Can rocking baby be harmful?
Shaken baby syndrome is a form of child abuse. When a baby is shaken hard by the shoulders, arms, or legs, it can cause learning disabilities, behavior disorders, vision problems or blindness, hearing and speech issues, seizures, cerebral palsy, serious brain injury, and permanent disability.
Can baby get shaken baby syndrome from rocking?
No. Young infants should have their head supported at all times and caregivers should avoid jostling them or throwing them in the air, but gentle bouncing, swinging or rocking won’t cause shaken baby syndrome.
Can rocking a newborn cause brain damage?
Shaken baby injuries most often occur in children younger than 2 years old, but may be seen in children up to 5 years old. When an infant or toddler is shaken, the brain bounces back and forth against the skull. This can cause bruising of the brain (cerebral contusion), swelling, pressure, and bleeding in the brain.
Can baby swings cause brain damage?
Activities involving an infant or a child such as tossing in the air, bouncing on the knee, placing a child in an infant swing or jogging with them in a backpack, do not cause the brain and eye injuries characteristic of shaken baby syndrome.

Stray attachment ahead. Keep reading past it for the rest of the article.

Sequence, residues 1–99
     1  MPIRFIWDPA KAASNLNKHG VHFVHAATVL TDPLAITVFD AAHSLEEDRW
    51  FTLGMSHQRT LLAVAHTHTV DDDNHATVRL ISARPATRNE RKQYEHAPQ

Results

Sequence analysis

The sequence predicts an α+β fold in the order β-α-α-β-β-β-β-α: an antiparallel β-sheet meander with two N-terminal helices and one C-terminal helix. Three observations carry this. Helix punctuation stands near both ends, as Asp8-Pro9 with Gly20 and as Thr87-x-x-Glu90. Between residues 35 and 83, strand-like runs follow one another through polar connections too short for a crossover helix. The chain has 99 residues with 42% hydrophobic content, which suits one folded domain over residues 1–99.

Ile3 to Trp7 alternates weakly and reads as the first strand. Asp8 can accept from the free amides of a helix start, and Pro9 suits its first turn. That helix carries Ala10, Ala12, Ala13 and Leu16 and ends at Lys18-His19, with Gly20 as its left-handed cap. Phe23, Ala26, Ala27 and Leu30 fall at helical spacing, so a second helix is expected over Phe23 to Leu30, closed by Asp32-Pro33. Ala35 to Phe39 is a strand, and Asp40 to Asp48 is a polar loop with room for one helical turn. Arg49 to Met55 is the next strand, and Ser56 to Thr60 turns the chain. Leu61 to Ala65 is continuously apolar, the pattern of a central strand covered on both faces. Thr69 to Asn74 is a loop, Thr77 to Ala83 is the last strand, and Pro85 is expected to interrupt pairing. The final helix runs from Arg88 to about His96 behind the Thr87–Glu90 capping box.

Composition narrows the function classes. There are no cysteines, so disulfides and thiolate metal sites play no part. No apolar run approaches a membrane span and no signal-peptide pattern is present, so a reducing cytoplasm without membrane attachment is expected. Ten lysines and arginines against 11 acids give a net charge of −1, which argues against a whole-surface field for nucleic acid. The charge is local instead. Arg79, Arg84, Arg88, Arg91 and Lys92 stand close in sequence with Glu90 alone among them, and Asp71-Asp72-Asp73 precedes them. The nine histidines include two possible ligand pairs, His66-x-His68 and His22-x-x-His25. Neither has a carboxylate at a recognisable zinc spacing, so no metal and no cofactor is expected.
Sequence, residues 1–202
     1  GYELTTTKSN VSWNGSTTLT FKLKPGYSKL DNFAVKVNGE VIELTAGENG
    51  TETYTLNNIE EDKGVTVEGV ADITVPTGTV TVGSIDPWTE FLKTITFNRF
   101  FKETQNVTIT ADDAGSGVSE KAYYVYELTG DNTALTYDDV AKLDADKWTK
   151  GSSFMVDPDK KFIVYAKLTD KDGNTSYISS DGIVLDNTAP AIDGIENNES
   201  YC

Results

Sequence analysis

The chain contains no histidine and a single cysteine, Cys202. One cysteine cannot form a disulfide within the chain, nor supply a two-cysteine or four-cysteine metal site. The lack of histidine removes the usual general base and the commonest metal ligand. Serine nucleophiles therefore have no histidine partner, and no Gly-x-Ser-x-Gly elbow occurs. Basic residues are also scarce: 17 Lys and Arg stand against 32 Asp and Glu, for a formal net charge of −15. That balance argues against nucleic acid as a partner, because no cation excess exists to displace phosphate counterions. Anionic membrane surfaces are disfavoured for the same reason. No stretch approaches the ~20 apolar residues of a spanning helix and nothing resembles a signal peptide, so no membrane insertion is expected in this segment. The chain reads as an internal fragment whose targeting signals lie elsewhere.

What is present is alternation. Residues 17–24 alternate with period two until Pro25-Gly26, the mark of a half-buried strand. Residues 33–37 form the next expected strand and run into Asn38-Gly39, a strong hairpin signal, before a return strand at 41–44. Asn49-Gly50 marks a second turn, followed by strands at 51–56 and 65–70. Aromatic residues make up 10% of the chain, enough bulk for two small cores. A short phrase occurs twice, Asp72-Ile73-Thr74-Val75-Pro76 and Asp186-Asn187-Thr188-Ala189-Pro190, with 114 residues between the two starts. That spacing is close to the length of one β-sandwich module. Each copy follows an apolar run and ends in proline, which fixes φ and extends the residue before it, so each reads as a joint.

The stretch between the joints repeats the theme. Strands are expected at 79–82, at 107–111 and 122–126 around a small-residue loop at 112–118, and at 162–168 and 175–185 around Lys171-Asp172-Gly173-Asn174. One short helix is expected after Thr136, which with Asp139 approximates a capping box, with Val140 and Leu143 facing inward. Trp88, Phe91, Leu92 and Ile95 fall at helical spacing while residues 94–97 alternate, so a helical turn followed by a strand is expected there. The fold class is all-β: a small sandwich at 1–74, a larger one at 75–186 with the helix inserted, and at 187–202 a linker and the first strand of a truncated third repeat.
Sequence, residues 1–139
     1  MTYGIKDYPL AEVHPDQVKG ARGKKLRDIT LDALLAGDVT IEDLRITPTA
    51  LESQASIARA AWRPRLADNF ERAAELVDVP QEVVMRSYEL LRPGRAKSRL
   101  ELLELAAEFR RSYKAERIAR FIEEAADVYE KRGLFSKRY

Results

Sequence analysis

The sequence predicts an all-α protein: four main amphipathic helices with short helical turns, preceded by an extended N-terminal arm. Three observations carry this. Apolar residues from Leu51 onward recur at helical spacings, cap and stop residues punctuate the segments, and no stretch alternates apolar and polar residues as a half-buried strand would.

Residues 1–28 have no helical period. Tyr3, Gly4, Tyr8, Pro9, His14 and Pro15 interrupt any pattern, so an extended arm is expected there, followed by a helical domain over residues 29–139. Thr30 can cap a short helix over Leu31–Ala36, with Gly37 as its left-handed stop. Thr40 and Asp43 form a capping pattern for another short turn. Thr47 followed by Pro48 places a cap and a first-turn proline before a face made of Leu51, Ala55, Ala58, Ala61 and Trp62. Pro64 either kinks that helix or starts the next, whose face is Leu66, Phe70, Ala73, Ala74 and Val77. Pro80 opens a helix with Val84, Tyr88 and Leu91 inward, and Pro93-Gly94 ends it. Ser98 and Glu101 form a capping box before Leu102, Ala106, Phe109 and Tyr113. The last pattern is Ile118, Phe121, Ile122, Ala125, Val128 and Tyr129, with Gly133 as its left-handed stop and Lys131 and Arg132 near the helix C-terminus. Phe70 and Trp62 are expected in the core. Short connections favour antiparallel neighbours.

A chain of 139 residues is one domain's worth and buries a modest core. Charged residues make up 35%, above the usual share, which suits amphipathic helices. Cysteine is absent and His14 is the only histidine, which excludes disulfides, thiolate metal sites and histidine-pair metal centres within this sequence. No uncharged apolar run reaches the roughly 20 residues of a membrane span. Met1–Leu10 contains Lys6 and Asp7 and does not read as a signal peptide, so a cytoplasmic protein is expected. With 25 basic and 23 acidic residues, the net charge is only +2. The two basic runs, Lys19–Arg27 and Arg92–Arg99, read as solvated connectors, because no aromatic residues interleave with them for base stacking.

Is baby Rocker safe for newborn?
Usually designed for newborns up to 6 months, a baby rocker is a chair that sits on a slanted base and rocks gently. Sometimes they convert to a stationary toddler chair. The rocking motion, which can be operated manually or by a power source, may help to calm and soothe your little one.
Is it OK to bounce a newborn?
Playful interaction with an infant, such as bouncing the baby on the lap or tossing the baby up in the air, won’t cause the injuries associated with shaken baby syndrome. Instead, these injuries often happen when someone shakes the baby out of frustration or anger. You should never shake a baby under any circumstances.
How do I know if I shook my baby?
The following signs and symptoms may indicate shaken baby syndrome:
- Altered level of consciousness.
- Drowsiness accompanied by irritability.
- Convulsions or seizures.
- Dilated pupils that do not respond to light.
- Decreased appetite.
- Posture in which the head is bent back and the back arched.
Who is most likely to shake a baby?
Canadian research has shown that the babies who are shaken are most often male and under six months of age. The research also identified biological fathers, stepfathers and male partners of biological mothers as more likely to shake an infant. Female babysitters and biological mothers are also known to shake babies.